The only thing we had were the arrests: The police arrested the billionaire Miroslav Miskolic and some former ministers. They noticed that the people are happy when someone is arrested, and that these arrests strengthen their political rating – and now after the election they arrested Darko Saric, a suspected drug boss. The early elections were called with the explanation that they need to gain full legitimacy for the reforms needed on the path towards the EU membership, but the main reason was the desire of his party to get more power. I only hope and I do believe in the EU and its lessons learnt from previous enlargements. So, during whole Serbian accession process, EU should be much stricter in monitoring the application of EU law.

Wait, what’s about the EU? Did anyone mention the EU throughout this election campaign? What future membership in EU could bring to the next generations of young people? Why is it important? Wait, Serbia has started with EU accession negotiation, and that’s it? Unfortunately, it’s true! The European integration was totally off topic in this election campaign.  Before that, all topics about EU were highly political, and you couldn’t hear or read anything about the EU without mentioning Kosovo, economic crises etc.

According to the latest research the young population expresses the biggest opposition for EU integration. Why don’t the young Serbians support European integration? I think that the reason for the huge number of young Euroskeptic’s generation is the fact that this generation has spent most of their lives in the post transition Serbia and they do not remember the war.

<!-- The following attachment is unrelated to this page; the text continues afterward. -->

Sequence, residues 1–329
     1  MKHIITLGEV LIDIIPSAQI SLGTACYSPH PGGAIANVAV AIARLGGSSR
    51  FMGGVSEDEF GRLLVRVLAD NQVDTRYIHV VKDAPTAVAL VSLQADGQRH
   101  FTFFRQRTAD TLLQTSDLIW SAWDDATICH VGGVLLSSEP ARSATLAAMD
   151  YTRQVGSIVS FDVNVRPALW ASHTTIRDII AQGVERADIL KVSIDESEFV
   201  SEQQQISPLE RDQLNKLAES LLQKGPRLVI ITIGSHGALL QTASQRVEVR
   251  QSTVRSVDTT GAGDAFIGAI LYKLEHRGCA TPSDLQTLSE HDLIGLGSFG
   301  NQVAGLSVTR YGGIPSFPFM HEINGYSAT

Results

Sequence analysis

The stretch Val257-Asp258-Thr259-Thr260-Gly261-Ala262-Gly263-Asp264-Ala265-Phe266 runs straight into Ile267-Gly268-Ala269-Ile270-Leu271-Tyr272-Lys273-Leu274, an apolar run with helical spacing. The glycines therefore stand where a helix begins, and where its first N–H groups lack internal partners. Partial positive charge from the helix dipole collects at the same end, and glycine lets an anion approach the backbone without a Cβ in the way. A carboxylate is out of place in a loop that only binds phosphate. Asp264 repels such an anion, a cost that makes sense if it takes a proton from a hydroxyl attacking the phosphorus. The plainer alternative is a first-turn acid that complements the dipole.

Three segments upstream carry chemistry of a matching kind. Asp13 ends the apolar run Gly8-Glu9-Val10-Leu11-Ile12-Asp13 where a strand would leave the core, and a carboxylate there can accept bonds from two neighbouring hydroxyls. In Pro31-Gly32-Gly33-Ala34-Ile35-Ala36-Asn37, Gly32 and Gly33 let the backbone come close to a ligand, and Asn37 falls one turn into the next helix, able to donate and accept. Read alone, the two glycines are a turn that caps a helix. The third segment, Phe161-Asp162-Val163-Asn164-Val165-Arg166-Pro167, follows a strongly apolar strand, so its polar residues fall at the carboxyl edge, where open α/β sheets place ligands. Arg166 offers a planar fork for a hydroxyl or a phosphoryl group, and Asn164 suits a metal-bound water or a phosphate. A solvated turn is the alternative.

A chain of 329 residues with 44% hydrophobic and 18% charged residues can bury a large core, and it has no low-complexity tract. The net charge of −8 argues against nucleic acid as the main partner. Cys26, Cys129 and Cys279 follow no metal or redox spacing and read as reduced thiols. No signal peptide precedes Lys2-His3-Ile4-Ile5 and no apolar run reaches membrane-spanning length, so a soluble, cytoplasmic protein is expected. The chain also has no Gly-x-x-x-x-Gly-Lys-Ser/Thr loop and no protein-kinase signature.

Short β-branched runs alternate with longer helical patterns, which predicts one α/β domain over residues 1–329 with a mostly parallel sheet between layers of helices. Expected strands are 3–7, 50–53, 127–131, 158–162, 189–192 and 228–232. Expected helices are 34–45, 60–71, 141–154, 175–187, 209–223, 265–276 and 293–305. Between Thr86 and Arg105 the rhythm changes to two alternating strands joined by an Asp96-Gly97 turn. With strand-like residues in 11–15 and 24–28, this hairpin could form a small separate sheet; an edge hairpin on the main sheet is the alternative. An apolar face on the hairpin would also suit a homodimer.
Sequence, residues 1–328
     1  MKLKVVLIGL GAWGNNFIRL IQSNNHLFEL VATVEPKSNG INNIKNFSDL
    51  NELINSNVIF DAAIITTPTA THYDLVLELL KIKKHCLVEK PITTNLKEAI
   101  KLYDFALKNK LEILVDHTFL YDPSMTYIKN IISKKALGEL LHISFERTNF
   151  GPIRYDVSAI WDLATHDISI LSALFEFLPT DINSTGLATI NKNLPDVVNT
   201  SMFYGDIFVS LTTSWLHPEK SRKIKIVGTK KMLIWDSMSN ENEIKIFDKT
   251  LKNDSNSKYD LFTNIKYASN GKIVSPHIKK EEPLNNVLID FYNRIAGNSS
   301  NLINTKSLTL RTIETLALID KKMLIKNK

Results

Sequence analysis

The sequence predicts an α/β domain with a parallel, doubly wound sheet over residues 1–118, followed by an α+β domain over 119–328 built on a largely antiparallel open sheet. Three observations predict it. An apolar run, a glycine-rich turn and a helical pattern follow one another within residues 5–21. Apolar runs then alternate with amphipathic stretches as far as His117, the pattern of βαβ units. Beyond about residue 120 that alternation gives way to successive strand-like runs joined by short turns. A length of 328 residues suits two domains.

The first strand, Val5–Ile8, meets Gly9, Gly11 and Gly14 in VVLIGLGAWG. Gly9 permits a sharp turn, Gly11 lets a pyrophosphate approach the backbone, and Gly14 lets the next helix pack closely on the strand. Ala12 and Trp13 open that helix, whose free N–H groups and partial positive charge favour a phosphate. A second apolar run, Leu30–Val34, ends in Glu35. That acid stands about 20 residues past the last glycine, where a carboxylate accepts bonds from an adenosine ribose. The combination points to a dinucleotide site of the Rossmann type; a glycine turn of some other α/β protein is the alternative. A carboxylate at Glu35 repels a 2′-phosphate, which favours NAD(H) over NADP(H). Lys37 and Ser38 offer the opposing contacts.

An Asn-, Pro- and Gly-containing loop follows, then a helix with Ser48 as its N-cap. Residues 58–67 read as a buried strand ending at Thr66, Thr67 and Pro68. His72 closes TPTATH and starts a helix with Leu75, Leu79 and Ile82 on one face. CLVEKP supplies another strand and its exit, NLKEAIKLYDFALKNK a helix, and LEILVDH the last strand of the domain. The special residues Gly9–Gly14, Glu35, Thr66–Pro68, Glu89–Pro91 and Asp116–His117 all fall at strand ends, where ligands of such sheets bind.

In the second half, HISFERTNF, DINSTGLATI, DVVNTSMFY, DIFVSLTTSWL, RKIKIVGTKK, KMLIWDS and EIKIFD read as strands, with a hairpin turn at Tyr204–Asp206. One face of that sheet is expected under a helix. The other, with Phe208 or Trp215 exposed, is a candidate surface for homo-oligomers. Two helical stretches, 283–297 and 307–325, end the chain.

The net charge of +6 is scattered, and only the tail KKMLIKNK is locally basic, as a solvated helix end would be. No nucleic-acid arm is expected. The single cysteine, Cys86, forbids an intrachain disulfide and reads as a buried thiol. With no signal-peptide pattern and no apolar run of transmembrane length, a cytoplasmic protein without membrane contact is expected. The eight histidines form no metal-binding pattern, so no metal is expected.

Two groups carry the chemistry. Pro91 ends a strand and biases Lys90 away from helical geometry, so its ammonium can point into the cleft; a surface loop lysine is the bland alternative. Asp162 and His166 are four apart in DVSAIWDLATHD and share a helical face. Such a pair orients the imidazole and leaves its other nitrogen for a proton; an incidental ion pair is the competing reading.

Also, there is the fact that over 75% of young people in Serbia have never left the country. There are several reasons for not traveling. Until 2010, EU visa restrictions meant travel to Western Europe was cumbersome, expensive, and, in many cases — particularly for young males — impossible. Although Serbia’s admission to the White Schengen list reduced the bureaucratic hurdles to travel abroad, travel remains expensive and outside the budgets of many young Serbs.

At the same time young Serbians don’t see a clear perspective and their better future in the EU. As a consequence we have more and more young nationalists. They are victims of manipulation and exploitation, because the most influential nationalist parties and groups recruit their supporters among younger than 25. If we look the pictures and videos from the latest riots after the gay parade and the rally in support of war criminal Ratko Mladic we could see young people in first line.